Ledy VanKavage has long combined her love of animals with her knowledge of the law. Out of her hard work “being a voice for the animals,” she has seen more than 30 bills about animal welfare and treatment passed in her home state of Illinois and elsewhere around the U.S.
“I realized (before going to law school) that no one really listens to you unless you can sue them,” Ledy says.
Lawmakers have certainly listened. Her success spearheading the passage of all those bills for animal welfare groups like the ASPCA and the Best Friends Animal Society is one reason she’ll be speaking at the American Pets Alive conference in February. At the conference, taking place Feb. 23-35, she wants to impart on her listeners the importance of lobbying – an invaluable skill for anyone who wishes to change a city or state law in favor of animal rights.
Sometimes, lobbying can be as simple as picking up the phone. Constituents reaching out to their city council or state legislators often choose email or social media instead, Ledy says, but a phone conversation is more effective.
“It’s easy to just email, and emails do work if you send a lot of them, but the personal touch of a phone call is very effective,” Ledy says.
She noted that a Facebook campaign doesn’t always work, either, because many of the people in power don’t use social media sites.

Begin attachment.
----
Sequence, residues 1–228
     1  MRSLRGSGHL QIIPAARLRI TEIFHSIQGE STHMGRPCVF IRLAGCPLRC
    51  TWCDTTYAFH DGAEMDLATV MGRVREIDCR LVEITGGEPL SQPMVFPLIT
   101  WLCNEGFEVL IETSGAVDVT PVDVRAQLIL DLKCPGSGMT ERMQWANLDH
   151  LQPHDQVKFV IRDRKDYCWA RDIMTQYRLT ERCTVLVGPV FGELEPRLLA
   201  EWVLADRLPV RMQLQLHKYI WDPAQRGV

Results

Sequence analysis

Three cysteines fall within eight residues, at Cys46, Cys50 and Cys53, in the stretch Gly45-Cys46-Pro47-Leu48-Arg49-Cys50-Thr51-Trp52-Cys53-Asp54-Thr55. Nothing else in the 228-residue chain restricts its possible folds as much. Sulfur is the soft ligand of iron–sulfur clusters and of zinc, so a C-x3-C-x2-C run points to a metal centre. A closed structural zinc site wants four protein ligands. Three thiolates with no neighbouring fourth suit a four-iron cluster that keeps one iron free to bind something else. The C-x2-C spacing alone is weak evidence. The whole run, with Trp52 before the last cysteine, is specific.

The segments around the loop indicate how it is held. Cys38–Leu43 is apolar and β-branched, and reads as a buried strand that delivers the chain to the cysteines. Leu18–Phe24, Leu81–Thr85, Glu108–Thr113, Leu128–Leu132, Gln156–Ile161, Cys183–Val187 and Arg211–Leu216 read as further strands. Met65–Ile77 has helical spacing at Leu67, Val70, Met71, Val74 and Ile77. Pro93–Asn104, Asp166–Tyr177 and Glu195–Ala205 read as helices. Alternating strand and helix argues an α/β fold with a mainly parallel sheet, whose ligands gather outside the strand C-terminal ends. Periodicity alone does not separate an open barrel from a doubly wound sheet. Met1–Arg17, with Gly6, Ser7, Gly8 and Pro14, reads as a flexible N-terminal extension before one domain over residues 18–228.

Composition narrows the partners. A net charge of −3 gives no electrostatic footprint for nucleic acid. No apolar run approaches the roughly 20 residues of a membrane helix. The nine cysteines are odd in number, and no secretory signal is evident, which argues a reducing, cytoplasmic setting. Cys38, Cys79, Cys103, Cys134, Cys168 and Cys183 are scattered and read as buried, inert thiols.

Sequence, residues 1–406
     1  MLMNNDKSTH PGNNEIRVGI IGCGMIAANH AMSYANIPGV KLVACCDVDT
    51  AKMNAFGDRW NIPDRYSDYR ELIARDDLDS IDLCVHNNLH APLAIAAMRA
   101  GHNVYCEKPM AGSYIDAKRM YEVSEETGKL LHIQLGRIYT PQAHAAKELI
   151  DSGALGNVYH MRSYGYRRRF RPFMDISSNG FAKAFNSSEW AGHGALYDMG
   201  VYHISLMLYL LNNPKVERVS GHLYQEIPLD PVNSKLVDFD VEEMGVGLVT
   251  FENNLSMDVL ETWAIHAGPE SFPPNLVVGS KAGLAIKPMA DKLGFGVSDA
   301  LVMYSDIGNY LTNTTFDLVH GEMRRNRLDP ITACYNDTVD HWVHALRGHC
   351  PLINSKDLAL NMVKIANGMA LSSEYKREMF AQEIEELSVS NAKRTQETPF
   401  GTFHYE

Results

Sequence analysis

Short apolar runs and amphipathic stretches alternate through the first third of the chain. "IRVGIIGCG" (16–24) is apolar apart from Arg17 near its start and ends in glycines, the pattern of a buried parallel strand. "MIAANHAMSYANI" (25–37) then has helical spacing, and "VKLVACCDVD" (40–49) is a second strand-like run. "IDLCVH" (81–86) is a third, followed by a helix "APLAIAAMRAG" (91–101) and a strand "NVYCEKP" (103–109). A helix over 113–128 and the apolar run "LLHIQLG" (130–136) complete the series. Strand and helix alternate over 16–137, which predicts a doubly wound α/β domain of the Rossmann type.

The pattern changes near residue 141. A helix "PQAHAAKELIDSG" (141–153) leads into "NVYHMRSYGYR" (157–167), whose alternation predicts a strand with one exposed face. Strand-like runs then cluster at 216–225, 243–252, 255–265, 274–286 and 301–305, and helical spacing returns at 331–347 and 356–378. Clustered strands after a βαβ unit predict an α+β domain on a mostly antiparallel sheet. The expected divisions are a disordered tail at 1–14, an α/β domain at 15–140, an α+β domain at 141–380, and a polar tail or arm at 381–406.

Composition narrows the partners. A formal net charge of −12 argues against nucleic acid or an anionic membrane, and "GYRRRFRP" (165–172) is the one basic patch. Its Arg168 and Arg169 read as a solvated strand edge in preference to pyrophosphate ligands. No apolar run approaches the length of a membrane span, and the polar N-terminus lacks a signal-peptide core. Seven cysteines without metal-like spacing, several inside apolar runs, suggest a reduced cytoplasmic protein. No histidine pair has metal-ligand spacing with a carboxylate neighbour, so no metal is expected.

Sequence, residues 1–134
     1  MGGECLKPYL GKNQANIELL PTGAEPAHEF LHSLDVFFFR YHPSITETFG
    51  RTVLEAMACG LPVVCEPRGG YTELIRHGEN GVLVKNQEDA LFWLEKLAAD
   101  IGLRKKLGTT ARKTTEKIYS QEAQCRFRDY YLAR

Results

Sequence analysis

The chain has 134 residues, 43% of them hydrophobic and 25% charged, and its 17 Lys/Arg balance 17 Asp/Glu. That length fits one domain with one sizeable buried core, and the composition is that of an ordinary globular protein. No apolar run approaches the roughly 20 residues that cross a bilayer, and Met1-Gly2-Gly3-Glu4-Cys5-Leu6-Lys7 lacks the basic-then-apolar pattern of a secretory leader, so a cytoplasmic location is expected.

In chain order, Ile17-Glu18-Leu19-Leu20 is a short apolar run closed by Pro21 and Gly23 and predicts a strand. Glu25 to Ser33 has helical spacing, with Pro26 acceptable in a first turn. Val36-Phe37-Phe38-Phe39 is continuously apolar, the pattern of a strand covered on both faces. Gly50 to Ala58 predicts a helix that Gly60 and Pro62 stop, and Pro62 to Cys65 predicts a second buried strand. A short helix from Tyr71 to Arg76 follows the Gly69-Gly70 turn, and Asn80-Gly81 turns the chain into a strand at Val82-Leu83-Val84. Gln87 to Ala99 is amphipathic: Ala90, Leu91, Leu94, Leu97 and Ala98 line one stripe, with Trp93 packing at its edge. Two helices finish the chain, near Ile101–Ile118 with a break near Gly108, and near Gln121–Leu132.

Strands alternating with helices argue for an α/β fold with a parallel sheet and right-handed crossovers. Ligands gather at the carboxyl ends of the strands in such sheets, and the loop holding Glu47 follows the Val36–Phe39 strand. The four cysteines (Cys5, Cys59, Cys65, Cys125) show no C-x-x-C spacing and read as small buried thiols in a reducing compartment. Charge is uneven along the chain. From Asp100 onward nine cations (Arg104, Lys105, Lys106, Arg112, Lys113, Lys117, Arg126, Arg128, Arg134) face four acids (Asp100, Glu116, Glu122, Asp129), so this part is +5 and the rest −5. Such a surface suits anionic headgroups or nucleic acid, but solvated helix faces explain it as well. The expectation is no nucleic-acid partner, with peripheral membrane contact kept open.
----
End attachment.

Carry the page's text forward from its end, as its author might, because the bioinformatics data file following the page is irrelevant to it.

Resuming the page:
A law degree also isn’t necessary, but it has certainly helped her. She has been involved in changing animal welfare policies since 1985, when she organized a coalition that successfully petitioned to stop an Illinois county, Madison, from selling shelter animals to research. Since founding a humane society next door to Madison County’s pound, she has gotten more than 23 bills passed as the senior legislation director at the ASPCA and, most recently, helped to spearhead four other bills as the senior legislative attorney at Best Friends.
Ledy’s current focus is on breed discrimination. As Best Friend’s national manager for their pit bull terrier initiative, she hopes to reverse the stigma surrounding pit bulls, which she says causes them to be mistreated and killed in far too many cities and shelters across the U.S.
“There are some towns where people kill dogs simply because of their appearance, and some shelters don’t adopt out short-haired muscular dogs. That’s wrong and simply has to change,” she says.
She has held a soft spot for pit bulls since she was a small child, when she owned one named Boody that she considered her best friend. It’s because of him that she has lobbied on behalf of animals for so long.
For Ledy, her efforts, as well as the efforts of many others, have paid off. Illinois is now the most humane state in the U.S., according to the Animal Legal Defense Fund, an organization that fights to protect animals through the legal system, but she says the state wasn’t so pet-friendly when she first kicked off her lobbying efforts.
Illinois’ success can be replicated in other states, she is quick to say, as long as others speak out too. Best Friends intends to try and get a humane bill passed in the upcoming Texas legislative session, beginning Jan. 8, and she notes the animal welfare group can never have enough people lobbying in favor of the bill.
To hear more from Ledy Vankavage register for the American Pets Alive 2013 No-Kill Conference!
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